When apneas no longer jolt the user up multiple times throughout the night, the CPAP user enjoys a deep and healthy nightly sleep. Restful sleep is an important component of the healthy management of Type 2 diabetes.
It is important to note that sleep apnea was also found to be prevalent in those with prediabetes, a condition that may lead to Type 2 diabetes.1 If you are pre-diabetic, or believe you may be and are experiencing the symptoms of sleep apnea, ask about sleep testing.
How Diabetics Can Get an Obstructive Sleep Apnea Diagnosis?
Diabetic patients can speak to their doctor about obstructive sleep apnea. Testing can either be done by spending an overnight at a sleep clinic or via a home sleep apnea test in the comfort of their bed.
With the Complete Care Package from Sleep Care online,
- Patients will fill out a brief sleep & health questionnaire at checkout
- Receive a disposable WatchPAT ONE E home sleep test in the mail
- In the comfort of your own bed, take the test
- In the morning, upload your results to the cloud
- Schedule a 15-minute telehealth visit with one of our board-certified sleep doctors to review the results
- Receive your script for PAP therapy, if warranted
Home sleep apnea tests and telehealth services are now available nationwide.
What Are the Effects of Sleep Apnea Treatments on Diabetes?
While sleep apnea treatments are not a cure for Type 2 diabetes, they can help diabetics maintain a healthy blood sugar level as part of a healthy routine that also includes proper diet and exercise, and medications prescribed by your doctor.
Sleep apnea treatments can help diabetics begin to receive the healthy sleep they need that was being taken away by disruptive sleep apnea.
With proper treatment and CPAP compliance, diabetic patients may start to feel healthier and more awake in the morning. They may begin to see their blood sugar spikes occur less frequently.
Other symptoms of sleep apnea may also start to disappear such as dry mouth in the morning or morning headaches, irritability, moodiness, depression, and daytime drowsiness.
How to Manage Diabetes with Sleep Apnea?
Many patients with diabetes and sleep apnea can effectively manage both. Diabetics can rely on the help of their doctor to develop a healthy exercise routine and healthy diet to maintain blood sugar levels in the normal range. Diabetics may also have to take prescription medications to help manage their diabetes, whether it be Type 1 or Type 2.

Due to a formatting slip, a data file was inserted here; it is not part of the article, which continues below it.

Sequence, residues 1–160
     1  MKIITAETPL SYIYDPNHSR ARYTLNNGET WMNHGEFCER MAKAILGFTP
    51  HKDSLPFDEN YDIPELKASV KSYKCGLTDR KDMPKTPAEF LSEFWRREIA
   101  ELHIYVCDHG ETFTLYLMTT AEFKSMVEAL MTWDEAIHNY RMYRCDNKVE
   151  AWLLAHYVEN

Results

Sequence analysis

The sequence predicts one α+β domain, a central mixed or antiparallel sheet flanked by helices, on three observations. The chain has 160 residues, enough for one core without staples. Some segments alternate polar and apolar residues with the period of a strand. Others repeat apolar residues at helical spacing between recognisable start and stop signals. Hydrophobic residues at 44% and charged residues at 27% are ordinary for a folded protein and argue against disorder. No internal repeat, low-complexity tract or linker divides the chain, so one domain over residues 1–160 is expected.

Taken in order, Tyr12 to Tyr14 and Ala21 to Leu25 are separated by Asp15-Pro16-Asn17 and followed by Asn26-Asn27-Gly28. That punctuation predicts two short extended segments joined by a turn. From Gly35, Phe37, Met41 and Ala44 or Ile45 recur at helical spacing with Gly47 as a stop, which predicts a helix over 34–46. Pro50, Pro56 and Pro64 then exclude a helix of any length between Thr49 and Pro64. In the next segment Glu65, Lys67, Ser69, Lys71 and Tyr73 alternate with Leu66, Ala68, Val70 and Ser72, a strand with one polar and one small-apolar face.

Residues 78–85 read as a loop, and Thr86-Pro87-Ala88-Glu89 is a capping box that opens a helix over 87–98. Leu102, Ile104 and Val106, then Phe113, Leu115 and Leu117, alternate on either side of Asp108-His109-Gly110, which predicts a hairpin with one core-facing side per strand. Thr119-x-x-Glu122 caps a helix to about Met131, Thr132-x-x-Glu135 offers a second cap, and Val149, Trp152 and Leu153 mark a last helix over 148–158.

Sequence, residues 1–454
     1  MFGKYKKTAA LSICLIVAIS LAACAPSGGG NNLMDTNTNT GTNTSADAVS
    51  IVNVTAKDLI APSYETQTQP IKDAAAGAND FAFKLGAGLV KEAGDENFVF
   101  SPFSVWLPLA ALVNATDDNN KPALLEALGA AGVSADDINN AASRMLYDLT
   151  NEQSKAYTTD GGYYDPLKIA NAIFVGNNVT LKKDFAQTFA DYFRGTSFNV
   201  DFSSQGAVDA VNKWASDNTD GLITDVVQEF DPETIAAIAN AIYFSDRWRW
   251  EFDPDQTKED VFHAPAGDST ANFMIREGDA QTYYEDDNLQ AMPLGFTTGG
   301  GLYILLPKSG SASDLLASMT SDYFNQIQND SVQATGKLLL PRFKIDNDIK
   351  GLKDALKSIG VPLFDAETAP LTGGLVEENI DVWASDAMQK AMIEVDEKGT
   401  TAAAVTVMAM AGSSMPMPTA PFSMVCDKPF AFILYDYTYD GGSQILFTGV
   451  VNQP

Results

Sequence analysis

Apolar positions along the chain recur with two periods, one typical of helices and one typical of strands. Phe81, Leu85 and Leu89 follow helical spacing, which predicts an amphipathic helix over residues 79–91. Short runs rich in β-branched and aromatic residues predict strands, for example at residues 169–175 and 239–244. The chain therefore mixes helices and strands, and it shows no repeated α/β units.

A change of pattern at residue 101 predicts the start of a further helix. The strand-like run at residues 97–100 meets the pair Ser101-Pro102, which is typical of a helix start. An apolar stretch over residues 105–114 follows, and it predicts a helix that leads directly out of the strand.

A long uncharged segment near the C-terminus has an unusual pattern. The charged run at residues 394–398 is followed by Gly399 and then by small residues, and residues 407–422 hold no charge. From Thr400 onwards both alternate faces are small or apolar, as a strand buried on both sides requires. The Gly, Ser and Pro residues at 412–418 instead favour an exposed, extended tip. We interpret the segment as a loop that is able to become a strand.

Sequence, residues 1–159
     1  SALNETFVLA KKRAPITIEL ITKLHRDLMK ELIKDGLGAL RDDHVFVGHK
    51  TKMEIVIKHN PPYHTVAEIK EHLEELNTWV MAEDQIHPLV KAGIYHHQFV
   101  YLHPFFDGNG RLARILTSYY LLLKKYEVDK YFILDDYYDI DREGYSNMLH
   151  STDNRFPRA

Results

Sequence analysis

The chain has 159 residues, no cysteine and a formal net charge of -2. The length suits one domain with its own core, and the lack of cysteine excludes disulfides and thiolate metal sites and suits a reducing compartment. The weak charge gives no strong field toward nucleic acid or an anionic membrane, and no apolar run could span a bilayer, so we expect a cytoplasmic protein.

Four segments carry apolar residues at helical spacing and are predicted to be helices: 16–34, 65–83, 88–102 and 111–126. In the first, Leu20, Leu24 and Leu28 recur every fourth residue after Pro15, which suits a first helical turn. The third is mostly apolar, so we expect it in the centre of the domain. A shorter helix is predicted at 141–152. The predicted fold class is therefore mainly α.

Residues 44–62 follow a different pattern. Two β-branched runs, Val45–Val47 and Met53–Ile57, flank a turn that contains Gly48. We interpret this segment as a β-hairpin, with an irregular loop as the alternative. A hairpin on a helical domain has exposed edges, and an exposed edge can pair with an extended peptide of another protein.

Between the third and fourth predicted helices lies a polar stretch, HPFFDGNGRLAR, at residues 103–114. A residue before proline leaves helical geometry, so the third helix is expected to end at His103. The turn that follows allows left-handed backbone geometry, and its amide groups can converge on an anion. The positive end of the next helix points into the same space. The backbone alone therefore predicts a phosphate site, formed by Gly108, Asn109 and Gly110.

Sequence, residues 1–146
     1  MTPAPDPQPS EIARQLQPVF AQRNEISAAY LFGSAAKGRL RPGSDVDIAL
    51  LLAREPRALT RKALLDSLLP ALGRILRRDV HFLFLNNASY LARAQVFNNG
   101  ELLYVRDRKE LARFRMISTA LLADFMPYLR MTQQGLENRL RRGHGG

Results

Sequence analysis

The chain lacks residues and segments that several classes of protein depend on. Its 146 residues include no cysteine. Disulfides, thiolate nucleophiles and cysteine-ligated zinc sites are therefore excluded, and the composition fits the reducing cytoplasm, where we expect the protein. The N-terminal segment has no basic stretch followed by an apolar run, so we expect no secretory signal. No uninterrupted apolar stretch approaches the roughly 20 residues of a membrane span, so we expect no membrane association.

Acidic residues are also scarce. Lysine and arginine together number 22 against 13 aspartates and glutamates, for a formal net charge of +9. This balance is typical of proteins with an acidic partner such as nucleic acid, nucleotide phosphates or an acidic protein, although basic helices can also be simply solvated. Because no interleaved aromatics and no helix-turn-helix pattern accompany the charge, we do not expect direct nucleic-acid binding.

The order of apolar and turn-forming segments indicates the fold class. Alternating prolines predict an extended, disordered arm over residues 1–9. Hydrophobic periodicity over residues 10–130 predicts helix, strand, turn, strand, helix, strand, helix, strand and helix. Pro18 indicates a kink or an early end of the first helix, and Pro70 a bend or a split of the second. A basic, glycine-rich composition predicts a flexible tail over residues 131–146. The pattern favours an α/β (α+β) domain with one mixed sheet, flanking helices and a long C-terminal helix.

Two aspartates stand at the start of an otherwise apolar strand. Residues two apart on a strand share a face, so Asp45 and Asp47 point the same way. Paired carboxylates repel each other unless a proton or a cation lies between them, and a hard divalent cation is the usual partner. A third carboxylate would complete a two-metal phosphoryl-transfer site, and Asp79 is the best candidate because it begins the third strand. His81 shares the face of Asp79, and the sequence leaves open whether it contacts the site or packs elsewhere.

For sleep apnea, diabetics can maintain consistent sleep patterns every night and follow their CPAP prescription. Staying CPAP compliant helps keep their airway open every night while they sleep so they can get the healthy sleep they need.
Managing sleep apnea also involves making other healthy choices such as avoiding alcohol, heavy meals before bedtime, and smoking. These can also have a healthy impact on the management of diabetes.
Taking a focused effort in managing sleep apnea is one of the best ways sleep apnea patients can ensure better and healthier sleep every night. That means making sure to use their CPAP machine as prescribed and checking with their doctor to determine if pressure settings need to be adjusted to meet changing sleep apnea needs.
Use Sleep Trackers to Analyze Your Sleep Quality
One way many sleep apnea patients keep tuned into their sleep quality is with sleep trackers. Sleep trackers can help you see when you are losing sleep and when you are achieving the highest level of quality sleep at night.
A wide variety of sleep trackers have hit the market, with more being released all the time. Many are wearable trackers that you can strap to your wrist. Others clip on your pillow or sit on your bedside table.
Most sleep trackers measure sleep quantity and quality by using accelerometers, and small motion detectors. Accelerometers measure how much movement you’re making while you sleep. This data is then analyzed using an algorithm to estimate sleep time and quality. If you want to get more details about your sleep stages, a sleep tracker that only offers an accelerometer isn’t the best fit, they can’t accurately measure sleep stages because there is little difference in movement between the sleep stages, according to the Sleep Foundation.
- Padmidi S, Tasali E. Obstructive Sleep Apnea and Type 2 Diabetes: Is There a Link? Front Neurol. 2012;3:126.